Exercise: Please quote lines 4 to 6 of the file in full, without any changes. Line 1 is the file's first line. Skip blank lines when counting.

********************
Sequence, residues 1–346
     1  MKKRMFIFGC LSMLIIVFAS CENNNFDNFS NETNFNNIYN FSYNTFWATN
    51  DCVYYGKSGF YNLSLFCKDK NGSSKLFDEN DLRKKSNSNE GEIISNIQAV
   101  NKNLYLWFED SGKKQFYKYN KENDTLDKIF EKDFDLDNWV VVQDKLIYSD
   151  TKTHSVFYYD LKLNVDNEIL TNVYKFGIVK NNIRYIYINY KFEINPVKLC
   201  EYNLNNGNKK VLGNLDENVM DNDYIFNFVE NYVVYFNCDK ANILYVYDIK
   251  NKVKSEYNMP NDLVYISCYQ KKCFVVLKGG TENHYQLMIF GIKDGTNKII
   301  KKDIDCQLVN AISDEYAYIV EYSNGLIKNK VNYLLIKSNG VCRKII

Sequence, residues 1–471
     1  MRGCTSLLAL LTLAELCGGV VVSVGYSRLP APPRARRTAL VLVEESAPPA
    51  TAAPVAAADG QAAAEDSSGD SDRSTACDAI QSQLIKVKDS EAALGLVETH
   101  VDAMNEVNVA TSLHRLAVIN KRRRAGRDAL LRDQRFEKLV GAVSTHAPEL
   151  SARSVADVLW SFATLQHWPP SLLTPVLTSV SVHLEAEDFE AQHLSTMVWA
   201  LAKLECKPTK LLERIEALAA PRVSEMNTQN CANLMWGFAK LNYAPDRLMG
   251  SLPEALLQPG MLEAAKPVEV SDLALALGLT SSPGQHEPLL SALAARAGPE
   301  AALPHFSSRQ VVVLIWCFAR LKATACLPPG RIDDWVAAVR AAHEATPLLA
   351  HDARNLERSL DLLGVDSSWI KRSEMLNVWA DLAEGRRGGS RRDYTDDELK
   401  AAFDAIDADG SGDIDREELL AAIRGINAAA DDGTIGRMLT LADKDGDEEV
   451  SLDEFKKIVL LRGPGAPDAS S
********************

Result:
   101  NKNLYLWFED SGKKQFYKYN KENDTLDKIF EKDFDLDNWV VVQDKLIYSD
   151  TKTHSVFYYD LKLNVDNEIL TNVYKFGIVK NNIRYIYINY KFEINPVKLC
   201  EYNLNNGNKK VLGNLDENVM DNDYIFNFVE NYVVYFNCDK ANILYVYDIK